Once you’ve worked out what your personal fitness mission is, it’s time to think about the steps you need to take to get there. Having a plan is the key to success; without it, our goals are merely dreams that have no real chance of coming true.
There are a number of reasons why we fail to achieve our goals:
- The goal is vague. Saying that you want to “eat healthier” is an admirable aspiration; however, there is no clear way in which to measure your progress. What does ‘healthier’ mean?
- You don’t have a clear plan for how to achieve your goals. So you want to become a runner. What is the first step you need to take? Who do you need to help you achieve this goal?
- You don’t set aside time specifically dedicated to achieving your goals each day. We’re all busy with work, family and social pressures that need to be attended to. By not specifically setting time aside to work on your goals, you’re setting yourself up for failure.
Achieving goals takes time, commitment and a clear action plan. The principles of SMART goal setting are followed by high achievers who regularly crush their goals. You can set yourself up for success like a winner by following these same principles.
A SMART goal is:
Specific: have a clear idea of what you want to achieve. Instead of “I want to start running”, be explicit about what you want to achieve. If you’re aim is to incorporate regular running in your life, a goal such as “I want to finish the Great Ocean Road half-marathon” will help you create the weekly training habits of a runner with a clear purpose in mind.
Measurable: have goals that are measurable so that you know when you achieve them. Participating in a running event is a great option because you can clearly measure your success, either by simply completing the race or achieving a personal best time, depending on your goal.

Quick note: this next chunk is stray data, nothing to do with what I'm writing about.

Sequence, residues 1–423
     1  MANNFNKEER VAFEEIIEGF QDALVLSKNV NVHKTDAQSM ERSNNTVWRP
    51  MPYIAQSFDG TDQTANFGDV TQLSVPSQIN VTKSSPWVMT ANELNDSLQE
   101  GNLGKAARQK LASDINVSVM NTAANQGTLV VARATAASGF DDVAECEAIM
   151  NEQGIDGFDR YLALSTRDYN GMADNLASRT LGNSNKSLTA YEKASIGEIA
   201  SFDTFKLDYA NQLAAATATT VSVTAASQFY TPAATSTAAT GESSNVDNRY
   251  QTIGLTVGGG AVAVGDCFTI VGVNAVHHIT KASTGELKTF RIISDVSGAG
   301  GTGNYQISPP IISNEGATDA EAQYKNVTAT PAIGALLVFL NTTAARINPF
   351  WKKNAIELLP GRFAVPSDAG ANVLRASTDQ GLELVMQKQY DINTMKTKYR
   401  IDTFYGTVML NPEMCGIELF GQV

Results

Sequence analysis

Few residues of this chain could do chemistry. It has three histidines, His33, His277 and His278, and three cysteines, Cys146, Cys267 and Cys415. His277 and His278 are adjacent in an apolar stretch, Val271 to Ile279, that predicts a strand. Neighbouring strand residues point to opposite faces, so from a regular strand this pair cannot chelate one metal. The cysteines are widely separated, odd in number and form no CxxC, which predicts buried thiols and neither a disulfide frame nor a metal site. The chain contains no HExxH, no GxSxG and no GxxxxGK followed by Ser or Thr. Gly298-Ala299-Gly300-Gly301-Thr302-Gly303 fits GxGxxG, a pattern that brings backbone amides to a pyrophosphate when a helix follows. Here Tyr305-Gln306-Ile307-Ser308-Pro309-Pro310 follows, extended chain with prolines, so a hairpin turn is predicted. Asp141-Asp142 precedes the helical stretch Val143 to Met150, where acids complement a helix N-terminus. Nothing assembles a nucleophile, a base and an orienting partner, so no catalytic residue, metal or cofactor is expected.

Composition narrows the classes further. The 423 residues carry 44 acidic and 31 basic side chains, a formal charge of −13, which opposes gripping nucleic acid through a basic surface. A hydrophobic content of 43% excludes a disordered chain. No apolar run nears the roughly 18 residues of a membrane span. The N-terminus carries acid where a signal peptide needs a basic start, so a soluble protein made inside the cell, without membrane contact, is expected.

Attainable: it’s great to have stretch goals, but do yourself a favour and set small goals along the way that you can regularly achieve. Some great things happen when you hit a goal, no matter how small; you become confident in your ability to get things done and you create a belief that you CAN achieve a target when you work hard.
Relevant: the goal needs to be relevant to your broader purpose and values. Why do you want to achieve this goal? If your goal doesn’t have meaning or isn’t important enough to you, you will not dedicate the time and commitment required to achieve it.
Timely: setting a timeframe for achieving your goal focuses your energies and motivates you to achieve it. Without a timeframe, you won’t be truly accountable to achieving the end result.
Setting and achieving challenging goals is the key to personal growth. Create a catalyst for your success by following the SMART principles and you’ll soon be on your way.
Editorial contribution by Rebecca Walker